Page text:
“We were on our way to another thing, but we stopped. I pulled my truck right up by the back door and let the windows down where we could here. We sat there about twenty minutes and listened to ’em. They did three of his songs while we were sitting there. Anyhow, they took a break and Ray said, I guess we better be going. Don’t you want to see Ernie? They’ll be coming out in a minute. He said, no. I’ll have to explain this all again. I’m not going in there, but Ray Price sat out there and listened.

   “Bill Monroe, he was a regular visitor. He’d come in and he’d hang out with us. He could do it. Now, down home, where Ray’s from, there’s a few little places down round Mount Pleasant, Texas, that he’ll go to. There’s not many public places that he can go and relax because he’s got such a following. He enjoys it though, he enjoys talking to people, but one on one. If he’s going to appear though, he’s going to want to have on a tuxedo or some cowboy boots. He’s going to want to be dressed and all that.”

He just doesn’t want to appear in his jeans and tennis shoes?

   “That’s how he was dressed, though. You watch him on the ranch down there, you’ll see him with a tuxedo and pair of cowboy boots on. Now, I’ve seen that a lot of times. I’ve spent parts of two years with Ray Price. We’ve been friends a long time.

   “I was with him and the late great Jimmy Day. That’s my cohort there (points to a picture on the wall). In the steel guitar world, there’s been very few bands that ever had twin steels. The Troubadours did it on three occasions. Jimmy and I, Buddy (Emmons) and Bobby Garrett did twin steels for a time. Jimmy and Buddy did twin steels for Ray. Pee Wee Whitewing and Bobby White did twin steels for Hank Thompson. They had a kickin’ band back in the 60’s with Hank Thompson playing twin steels.  

   “Saturday night, I got to do twin steels with Wayne Hobbs up there in Crossville, the Big Southfork Opry. That was really fun. When you get two disciplined players on steel guitars that can do it, it sounds like an orchestra.

   “It was reminiscent from some of the things on the Opry. The Opry used twin steels a lot, but it’s rare to find two players that can do that with the discipline required for it. I’m very proud to have been a part of two or three of ‘em.”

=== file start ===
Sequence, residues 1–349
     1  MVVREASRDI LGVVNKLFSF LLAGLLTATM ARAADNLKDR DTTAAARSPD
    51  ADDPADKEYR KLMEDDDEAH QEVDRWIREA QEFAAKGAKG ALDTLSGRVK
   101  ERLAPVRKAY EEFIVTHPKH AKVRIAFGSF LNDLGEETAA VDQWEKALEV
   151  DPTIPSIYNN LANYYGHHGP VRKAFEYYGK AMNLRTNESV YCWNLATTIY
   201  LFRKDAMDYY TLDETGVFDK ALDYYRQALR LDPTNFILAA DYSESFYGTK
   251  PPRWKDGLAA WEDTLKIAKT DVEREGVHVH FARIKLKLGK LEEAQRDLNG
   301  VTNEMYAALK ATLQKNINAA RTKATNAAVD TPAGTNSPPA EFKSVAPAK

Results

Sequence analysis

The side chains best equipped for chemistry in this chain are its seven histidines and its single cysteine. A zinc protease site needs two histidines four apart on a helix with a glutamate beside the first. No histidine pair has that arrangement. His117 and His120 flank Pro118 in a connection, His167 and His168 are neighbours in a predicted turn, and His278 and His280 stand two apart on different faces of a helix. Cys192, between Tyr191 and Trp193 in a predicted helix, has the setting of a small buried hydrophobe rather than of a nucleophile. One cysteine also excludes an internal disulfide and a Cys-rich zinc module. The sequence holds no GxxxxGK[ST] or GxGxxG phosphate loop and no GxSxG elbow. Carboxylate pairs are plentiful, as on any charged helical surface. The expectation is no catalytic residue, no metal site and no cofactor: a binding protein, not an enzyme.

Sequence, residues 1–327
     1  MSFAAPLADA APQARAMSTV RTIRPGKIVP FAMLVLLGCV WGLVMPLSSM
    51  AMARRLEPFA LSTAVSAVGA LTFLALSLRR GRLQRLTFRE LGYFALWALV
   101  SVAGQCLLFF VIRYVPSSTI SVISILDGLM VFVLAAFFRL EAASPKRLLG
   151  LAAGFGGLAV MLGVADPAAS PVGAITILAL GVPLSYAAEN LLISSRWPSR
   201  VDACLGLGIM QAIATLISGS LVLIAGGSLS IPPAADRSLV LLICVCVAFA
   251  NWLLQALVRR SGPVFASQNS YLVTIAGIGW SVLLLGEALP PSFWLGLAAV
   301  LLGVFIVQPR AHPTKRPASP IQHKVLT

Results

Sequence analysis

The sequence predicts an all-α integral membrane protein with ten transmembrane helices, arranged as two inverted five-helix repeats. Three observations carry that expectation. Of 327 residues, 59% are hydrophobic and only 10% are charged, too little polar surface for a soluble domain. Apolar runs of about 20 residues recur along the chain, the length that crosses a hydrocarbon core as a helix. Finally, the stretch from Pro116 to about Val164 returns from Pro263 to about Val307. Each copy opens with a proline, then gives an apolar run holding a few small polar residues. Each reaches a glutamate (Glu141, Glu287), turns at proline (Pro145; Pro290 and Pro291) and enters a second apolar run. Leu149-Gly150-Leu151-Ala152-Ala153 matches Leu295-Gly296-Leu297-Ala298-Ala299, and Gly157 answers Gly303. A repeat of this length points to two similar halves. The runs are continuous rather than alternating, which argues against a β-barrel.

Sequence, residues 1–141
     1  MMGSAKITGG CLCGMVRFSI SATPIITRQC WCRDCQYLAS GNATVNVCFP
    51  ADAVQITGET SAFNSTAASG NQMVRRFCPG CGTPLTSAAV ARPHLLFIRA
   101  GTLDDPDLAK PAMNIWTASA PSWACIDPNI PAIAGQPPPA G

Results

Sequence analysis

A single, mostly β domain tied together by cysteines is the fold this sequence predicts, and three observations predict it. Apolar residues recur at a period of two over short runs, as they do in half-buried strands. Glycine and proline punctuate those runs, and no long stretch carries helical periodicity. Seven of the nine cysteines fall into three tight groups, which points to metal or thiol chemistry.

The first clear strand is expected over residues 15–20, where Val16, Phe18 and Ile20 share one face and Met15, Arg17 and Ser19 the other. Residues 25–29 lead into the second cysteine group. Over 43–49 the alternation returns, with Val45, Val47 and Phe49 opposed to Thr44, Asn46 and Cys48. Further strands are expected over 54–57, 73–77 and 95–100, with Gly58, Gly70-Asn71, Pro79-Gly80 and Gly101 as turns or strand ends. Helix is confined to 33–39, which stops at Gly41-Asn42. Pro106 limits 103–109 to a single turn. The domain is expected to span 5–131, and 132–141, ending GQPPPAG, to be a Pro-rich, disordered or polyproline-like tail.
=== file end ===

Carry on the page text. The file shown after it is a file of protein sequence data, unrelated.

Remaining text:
You’ve done a lot. What has been your guiding principle through it all? What’s gotten you through the last forty years?

   “I don’t have no principles (laughs). I hardly ever have guides either. I’m flying by the seat of my pants (laughs). It’s tough for me to answer. A guiding principle, I got to think on that a minute.

   “I hadn’t have to answer one like that before. I guess the music is what guides me. It would have to go back to the music, what we just talked about, the fellowship, visiting. Kinda like Don Helms (would say), I’ve been at it so long and I’ve got so many friends around. I love to play the music and I love to meet my friends. The music is a way for me to get back to ‘em every now and then. That’s one of my guides. That’s one of the ways I make decisions about doing things.

   “I’m going with Johnny Bush to Phoenix, from here to Phoenix and back is going to take about ten days out of my schedule to work four days (laughs).”

You driving out?

   “I’m going to drive out with Ronnie Dale and come back to San Antone with Johnny, then from San Antone back here. I’m getting free rides on it. I got flights if I wanted to fly it, but I don’t like flying with my guitar. I’d rather drive it, stop along the way and visit with friends, fans, relatives, or make new friends. While I’m out there, I’m going to spend a day or two with Jonathan Candler.

   “I do want you to get this, what I’m about to say now. I can only thank God for letting me have the opportunities and the life that I’ve had. I’m not rich. I don’t have a whole lot, you can see that, but I’ve been richly blessed. I guess the best way I can say it, I’ve never really made it, but I really got it made (laughs).

   “The steel guitar has taken me to places that I would never gone without it. I have met people and talking to you, like under the tree, Kid Rock. I have been able to meet people through the steel guitar and because of the steel guitar and the music that never would have happened to me if I was a farmer in Alabama or auto mechanic in Georgia or whatever else.

   “I came to Nashville the first time to get a guitar worked on. It was the weekend Martin Luther King got killed. There was civil unrest and all kinds of things going on. Roger Miller and Glenn Campbell invited me to a party at the King of the Road. They were big stars, Jerry Reed, I was invited. I was just a kid and couldn’t believe it. Can I go? Yeah, come on.

   “I just got in the crowd and come up here from Atlanta on a Saturday night. The next day was Easter Sunday. I was going to get Shot (Jackson) to work on my guitar. Anyhow, that was April of ’68 and I’m still here. I never went back.

   “He started working on my guitar that Monday and introduced  me to some of Wanda Jackson’s players. They were heading out to Louisiana, no, Biloxi, Mississippi, Gulf Port, Kingsley Air Force Base. They had a show down there. They wanted me to go. I said, well, if y’all take me through Atlanta, which was way out of the way, to pick up clothes and whatever I needed. They agreed to it. I’ve got to call some people in Atlanta, mainly the Georgia Railroad and tell ’em I won't be on that run any longer. I was working on call as an extra, as a brakeman. I hadn’t been on the job long. I was mainly pickin’ around Atlanta cause I was an extra. The steel guitar has taken me to places that I would never have gone without it.”  

NN&T